Saturday, April 19, 2014
By TOM ATWELL
(Continued from page 1)
The Cates family’s glad field is awash in blooming flowers in these photos from summer 2011.
Margaret Cates photos
In addition to growing glads, Cates earned a living as a circuit-riding preacher for the Society of Friends (Quakers), and teaching German in Vassalboro and at Erskine Academy in South China, finally retiring at age 80.
But the glad business continued to grow.
Glads reproduce rapidly. On the plants that bloom, the main bulb usually dies off, but many smaller corms are produced. On plants that don't bloom, the bulb stores energy so it can bloom the next year in addition to sometimes creating more corms, which can be planted to create future bulbs.
In other words, if you are growing glads for flowers, pretty soon you are going to have a lot of extra bulbs.
"After a while, people started saying to us, 'Why don't you share your stock and put out a catalog?' So about the 10th year, we started a price list, and then that developed into a color catalog," Cates said.
That is where the business is now. The family delivers flowers from glads as well as annuals, dahlias and some perennials to florists as far south as South Portland, and they sell gladiolus bulbs through their own catalog and wholesale to Old House Gardens.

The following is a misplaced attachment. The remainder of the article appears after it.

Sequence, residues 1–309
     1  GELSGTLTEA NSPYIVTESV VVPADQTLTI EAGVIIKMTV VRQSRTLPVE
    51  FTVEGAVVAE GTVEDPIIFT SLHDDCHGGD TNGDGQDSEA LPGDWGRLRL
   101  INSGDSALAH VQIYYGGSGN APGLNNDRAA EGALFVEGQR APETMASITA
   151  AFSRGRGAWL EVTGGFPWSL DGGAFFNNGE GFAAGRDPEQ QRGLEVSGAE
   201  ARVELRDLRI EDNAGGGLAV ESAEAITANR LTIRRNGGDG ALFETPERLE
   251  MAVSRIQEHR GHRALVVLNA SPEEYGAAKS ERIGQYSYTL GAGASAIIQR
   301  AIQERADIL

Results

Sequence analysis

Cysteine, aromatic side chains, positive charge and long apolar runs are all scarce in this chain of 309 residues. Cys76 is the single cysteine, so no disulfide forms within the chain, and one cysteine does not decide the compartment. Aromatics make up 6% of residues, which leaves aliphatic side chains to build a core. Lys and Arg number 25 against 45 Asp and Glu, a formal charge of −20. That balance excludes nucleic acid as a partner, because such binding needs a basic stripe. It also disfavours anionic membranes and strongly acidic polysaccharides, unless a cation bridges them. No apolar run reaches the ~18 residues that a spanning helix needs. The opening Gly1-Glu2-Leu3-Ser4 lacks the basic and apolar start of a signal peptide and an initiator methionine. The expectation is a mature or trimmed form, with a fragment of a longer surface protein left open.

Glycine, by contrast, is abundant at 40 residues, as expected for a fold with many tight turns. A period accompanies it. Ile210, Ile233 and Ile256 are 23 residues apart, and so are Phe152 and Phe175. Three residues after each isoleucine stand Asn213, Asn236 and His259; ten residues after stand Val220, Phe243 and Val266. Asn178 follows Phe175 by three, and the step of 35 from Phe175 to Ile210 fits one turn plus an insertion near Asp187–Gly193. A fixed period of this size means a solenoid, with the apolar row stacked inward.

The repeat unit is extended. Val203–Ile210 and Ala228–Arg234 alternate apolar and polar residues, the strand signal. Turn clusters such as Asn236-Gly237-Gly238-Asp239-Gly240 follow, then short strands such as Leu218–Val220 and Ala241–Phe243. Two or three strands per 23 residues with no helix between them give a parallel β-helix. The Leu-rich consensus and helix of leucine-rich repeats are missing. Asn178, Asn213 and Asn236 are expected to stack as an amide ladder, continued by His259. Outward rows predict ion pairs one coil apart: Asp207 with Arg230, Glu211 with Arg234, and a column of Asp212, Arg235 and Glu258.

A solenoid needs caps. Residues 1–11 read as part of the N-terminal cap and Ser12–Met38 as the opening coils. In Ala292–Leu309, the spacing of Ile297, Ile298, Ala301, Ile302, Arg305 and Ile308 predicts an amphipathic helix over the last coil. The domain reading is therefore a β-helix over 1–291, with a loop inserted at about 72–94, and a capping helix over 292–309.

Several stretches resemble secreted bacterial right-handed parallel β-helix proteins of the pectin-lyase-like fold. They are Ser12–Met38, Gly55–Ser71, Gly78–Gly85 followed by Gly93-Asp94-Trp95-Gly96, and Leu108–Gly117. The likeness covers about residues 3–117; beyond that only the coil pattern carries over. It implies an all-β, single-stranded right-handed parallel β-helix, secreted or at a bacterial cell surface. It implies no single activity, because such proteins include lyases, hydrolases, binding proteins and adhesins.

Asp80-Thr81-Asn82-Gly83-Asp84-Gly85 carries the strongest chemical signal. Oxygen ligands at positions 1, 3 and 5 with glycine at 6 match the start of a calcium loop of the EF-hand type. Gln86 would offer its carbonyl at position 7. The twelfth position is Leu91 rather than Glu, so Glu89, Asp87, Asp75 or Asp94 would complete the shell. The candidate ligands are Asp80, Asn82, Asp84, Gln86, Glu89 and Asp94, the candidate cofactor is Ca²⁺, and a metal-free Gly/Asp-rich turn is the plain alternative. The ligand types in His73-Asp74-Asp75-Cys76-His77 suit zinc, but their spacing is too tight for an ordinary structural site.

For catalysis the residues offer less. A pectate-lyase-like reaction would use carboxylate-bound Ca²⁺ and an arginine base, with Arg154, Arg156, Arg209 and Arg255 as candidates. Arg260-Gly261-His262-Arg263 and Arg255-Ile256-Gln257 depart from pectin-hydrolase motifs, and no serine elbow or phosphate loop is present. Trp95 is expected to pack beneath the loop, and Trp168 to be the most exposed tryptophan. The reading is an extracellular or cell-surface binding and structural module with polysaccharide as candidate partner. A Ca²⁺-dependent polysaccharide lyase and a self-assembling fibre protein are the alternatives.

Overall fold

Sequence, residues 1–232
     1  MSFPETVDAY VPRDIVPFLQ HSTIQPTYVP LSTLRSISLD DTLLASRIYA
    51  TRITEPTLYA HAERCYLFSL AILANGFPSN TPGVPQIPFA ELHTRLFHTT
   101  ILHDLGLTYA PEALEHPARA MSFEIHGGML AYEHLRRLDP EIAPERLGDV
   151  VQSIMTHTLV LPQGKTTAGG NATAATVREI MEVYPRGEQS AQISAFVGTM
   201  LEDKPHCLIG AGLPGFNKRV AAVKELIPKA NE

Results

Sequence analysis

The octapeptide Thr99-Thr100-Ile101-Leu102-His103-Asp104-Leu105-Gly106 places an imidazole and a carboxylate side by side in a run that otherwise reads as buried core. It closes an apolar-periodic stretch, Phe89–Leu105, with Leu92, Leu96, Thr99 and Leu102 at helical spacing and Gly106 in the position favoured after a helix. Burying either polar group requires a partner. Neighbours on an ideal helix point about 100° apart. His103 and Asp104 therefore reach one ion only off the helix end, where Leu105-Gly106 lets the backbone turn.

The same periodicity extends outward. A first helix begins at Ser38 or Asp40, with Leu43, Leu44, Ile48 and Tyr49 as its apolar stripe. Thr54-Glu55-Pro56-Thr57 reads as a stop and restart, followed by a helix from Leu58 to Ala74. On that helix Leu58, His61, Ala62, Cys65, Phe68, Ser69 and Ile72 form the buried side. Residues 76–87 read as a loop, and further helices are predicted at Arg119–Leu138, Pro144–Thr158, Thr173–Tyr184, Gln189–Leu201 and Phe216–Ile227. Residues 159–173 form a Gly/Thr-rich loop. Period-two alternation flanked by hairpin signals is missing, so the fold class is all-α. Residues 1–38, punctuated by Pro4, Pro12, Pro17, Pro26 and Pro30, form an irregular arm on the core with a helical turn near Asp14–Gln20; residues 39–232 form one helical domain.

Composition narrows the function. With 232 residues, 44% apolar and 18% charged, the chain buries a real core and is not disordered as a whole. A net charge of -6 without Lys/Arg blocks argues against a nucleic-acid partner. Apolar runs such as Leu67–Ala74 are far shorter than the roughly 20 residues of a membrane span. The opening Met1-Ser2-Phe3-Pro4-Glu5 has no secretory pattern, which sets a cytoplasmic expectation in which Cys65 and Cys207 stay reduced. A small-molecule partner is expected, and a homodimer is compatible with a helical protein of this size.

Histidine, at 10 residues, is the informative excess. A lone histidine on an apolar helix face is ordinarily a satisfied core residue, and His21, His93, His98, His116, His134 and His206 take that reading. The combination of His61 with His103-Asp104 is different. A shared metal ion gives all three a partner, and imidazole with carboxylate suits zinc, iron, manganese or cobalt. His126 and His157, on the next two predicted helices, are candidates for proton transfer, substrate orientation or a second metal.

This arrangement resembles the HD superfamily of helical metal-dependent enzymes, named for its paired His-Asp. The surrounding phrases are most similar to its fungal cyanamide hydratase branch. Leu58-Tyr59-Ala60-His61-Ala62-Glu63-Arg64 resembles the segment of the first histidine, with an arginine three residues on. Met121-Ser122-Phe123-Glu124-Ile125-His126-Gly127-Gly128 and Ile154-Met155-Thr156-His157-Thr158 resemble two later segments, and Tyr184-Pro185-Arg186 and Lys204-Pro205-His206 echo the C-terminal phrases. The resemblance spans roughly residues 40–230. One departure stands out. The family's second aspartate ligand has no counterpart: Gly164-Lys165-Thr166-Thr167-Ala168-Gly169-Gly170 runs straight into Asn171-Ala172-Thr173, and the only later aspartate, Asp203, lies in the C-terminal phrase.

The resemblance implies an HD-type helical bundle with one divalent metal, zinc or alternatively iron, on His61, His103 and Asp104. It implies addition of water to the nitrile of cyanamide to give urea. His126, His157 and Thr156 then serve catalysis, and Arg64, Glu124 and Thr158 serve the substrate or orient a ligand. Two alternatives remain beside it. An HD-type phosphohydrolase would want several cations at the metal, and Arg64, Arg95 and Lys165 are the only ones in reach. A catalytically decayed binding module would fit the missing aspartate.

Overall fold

Cates said he does not make a lot of money with the business, but it is enough to keep his children at home and on the land.
"We really get a pleasure out of spreading these heirloom type of varieties all over the country," Cates said. "We really do it for the love of the flower."
He said it's a boon for his business to be able to sell a few thousand of a specific bulb at a time to Old House Gardens. He still has a lot of bulbs to sell in the Cates Family catalog, because Old House Gardens does not sell any bulbs introduced after 1970.
"There are several glad varieties from 1971 and 1972 that are the best of the color classifications," Cates said, "and he (Kunst) just rejects them, because they are a year or two younger than his deadline."
The Cates family has no such rules. The catalog has old glads and new, varieties that they like and that do well. And Cates proudly says his bulbs are a lot less expensive than the ones in Old House Gardens.
The Portland Flower Show again this year will be running an essay contest for ages 6 to 18.
Categories are ages 6 to 9, 10 to 13 and 14 to 18, and prizes of $50, $30 and $20 will be offered in each age group.
The essays this year will be detailing plans for a celebration to be held outdoors. The winners will be announced during the opening-night preview March 7.
Submission deadline is Feb. 16. For an application form and rules, contact the University of Maine Extension office in Cumberland County at (800) 287-1471 or go to the flower show website, portlandcompany/flower.
Tom Atwell has been writing the Maine Gardener column since 2004. He can be contacted at 767-2297 or at: